NARRATOR: Even after three hits from a high-powered rifle, the Dragon Skin is intact.
It's totally different.
Yeah, what happens is, the bullet is destroyed within the skin of the material you see there.
NARRATOR: Let's compare.
Both vests destroy the bullet, but only the Dragon Skin on the right contains the debris.
Watch it once more.
Even under the Aramid fiber, you can see the scales that shatter the bullet.
The Dragon Skin concept is stunningly effective.
Fire in the hole! [Gunshot] [Laughs] It's easy to trigger, 'cause all you got to do is go like that, and you're done.
As long as you don't forget.
NARRATOR: Traditionally, now is the time when we would have Jeff put on a vest and take a potshot at him, but being hit by a bullet, even with this vest on, is like standing at home plate and getting Sammy Sosa to hit you with his best shot.
In other words, Jeff just dodged a bullet.
You can smell that gunpowder in the morning.
I like it.
NARRATOR: What is it about fireworks that reduces everyone watching to a universal language containing less than five words? "Ooh.
" "Ahh.
" "Wow.
" "Cool.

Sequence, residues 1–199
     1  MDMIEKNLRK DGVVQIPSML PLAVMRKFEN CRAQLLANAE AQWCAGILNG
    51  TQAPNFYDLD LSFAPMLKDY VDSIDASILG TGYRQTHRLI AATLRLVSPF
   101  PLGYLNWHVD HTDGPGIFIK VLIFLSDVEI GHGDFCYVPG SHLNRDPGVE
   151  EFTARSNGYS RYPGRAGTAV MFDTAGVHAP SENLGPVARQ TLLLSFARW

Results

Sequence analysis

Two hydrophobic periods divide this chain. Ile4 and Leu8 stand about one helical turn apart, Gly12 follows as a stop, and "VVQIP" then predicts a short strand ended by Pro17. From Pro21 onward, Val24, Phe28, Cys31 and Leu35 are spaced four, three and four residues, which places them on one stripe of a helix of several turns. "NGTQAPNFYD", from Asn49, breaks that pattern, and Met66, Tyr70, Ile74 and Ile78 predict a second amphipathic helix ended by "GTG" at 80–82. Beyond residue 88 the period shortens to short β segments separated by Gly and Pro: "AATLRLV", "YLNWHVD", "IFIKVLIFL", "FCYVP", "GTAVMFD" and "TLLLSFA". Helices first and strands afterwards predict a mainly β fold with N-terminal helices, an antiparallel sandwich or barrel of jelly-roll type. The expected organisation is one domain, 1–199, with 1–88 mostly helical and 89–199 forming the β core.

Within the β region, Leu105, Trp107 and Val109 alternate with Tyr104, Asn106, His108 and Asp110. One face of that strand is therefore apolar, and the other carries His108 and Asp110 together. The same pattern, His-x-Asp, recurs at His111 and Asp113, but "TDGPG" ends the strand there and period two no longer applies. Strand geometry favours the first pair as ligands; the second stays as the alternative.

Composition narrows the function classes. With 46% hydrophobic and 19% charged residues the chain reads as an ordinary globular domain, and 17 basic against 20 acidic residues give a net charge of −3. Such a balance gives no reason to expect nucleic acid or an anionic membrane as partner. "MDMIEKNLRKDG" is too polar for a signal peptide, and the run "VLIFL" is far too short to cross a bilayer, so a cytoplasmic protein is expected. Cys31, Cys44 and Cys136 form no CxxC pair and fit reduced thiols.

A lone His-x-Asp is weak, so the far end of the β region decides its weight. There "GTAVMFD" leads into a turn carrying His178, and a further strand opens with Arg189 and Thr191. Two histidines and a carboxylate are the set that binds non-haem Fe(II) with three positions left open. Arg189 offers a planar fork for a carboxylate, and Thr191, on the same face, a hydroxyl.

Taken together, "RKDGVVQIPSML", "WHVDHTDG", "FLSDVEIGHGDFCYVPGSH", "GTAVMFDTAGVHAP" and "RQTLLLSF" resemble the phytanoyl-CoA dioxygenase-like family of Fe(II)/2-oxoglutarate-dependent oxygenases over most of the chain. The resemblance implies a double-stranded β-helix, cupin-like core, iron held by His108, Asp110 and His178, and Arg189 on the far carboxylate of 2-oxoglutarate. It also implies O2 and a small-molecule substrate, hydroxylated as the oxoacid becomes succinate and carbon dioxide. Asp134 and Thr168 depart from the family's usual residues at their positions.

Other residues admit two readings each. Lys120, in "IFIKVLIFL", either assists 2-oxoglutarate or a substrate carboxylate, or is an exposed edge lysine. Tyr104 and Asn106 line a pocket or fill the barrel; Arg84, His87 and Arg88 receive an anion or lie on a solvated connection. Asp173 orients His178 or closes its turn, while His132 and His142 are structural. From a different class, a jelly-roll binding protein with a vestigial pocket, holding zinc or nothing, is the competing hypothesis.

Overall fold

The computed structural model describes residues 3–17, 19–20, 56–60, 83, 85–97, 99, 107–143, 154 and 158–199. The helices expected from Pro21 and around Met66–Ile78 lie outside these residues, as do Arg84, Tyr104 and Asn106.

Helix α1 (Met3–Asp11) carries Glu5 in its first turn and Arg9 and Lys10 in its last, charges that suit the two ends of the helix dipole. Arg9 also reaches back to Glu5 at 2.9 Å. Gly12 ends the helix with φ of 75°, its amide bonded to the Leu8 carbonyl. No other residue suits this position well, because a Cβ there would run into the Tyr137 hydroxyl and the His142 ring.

" "Run!" But while enjoying fireworks is the simplest of pleasures, creating red rockets bursting in air involves complex events that you never see.
Why? Because most of them are too fast, too far away, and too dangerous to be observed by the naked eye.
What is amazing is all this comes from just this.
For many excellent reasons, Matt Shea of Atlas PyroVision has never tried detonating a commercial firework near ground level until now.
Three, two, one.
SHEA: That's about two ounces of black powder.
That's just a rapid burn zoomed in really close at a really awesome speed.
It's probably about NARRATOR: "Time Warp" is turning its high-speed cameras on the show within the show.
We start on the ground here at the Boston Fire Department training facility.
We figure, when you're playing with fireworks, it can't hurt to have an entire fire department and a dynamite-proof bunker right nearby.
KEARNEY: Something just great about pyrotechnics.
Twisting wires, rolling them back.
All we need is a plunger and a Wile E.
NARRATOR: "Fireworks for Dummies" -- chapter one.
Pellets of black powder, color-coded chemicals, papier-mâché lit in exact sequence equals amazing ooh-and-ahh-type explosions.
-Here we go.
This is gonna get a little hot.
Three, two, one.
NARRATOR: Chemicals like barium produce green My eyes are burned out now.
Anybody want to see red? Why not? NARRATOR: and strontium, red.
But one problem.
We're on the ground floor.
We need to get them up where we can see them.
We got some mortars here so we can really see how they do the work of getting it 1,000 feet in the air.
NARRATOR: So, we can launch the fireworks, but what about our cameras? The plucky "Time Warp" team went to work building a giant tripod.
MAN: Hang on.
[Dramatic music plays] [Record scratches] So, what are you guys blowing up today? NARRATOR: Oh, look.
It's a Boston fire chief.
[Chuckles] Well, hello, Chief.